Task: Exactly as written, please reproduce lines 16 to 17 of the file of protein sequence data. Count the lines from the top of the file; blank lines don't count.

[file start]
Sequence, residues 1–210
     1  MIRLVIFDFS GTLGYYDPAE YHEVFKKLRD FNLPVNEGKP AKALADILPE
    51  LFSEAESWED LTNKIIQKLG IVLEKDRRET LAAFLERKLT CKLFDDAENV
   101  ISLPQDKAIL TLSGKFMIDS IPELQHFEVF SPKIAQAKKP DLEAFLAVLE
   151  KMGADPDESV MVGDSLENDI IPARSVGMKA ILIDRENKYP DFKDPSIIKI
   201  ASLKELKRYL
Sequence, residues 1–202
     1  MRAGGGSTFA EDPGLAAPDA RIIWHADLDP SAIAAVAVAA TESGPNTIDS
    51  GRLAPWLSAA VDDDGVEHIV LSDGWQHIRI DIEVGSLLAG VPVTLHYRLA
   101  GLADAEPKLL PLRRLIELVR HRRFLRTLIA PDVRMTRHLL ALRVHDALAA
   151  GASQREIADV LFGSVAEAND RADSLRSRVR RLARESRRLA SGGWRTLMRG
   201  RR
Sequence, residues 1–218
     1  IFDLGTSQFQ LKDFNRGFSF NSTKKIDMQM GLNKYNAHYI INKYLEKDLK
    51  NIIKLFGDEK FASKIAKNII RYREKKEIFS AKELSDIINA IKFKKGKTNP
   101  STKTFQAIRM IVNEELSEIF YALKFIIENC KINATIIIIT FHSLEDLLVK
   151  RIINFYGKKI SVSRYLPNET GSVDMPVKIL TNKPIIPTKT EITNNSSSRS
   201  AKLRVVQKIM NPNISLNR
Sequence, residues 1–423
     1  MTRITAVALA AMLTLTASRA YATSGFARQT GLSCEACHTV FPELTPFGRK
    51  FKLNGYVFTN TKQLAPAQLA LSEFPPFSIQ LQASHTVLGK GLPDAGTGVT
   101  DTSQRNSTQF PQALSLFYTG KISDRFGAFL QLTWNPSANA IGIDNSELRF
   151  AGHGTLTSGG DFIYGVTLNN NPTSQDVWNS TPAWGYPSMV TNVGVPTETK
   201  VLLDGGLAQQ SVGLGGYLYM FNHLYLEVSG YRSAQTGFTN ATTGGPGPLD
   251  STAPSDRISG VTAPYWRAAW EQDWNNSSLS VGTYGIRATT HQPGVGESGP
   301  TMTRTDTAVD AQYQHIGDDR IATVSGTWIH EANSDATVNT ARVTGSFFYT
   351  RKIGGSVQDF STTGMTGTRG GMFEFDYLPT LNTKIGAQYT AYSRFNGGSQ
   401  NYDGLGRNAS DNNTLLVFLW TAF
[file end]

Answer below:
   101  STKTFQAIRM IVNEELSEIF YALKFIIENC KINATIIIIT FHSLEDLLVK
   151  RIINFYGKKI SVSRYLPNET GSVDMPVKIL TNKPIIPTKT EITNNSSSRS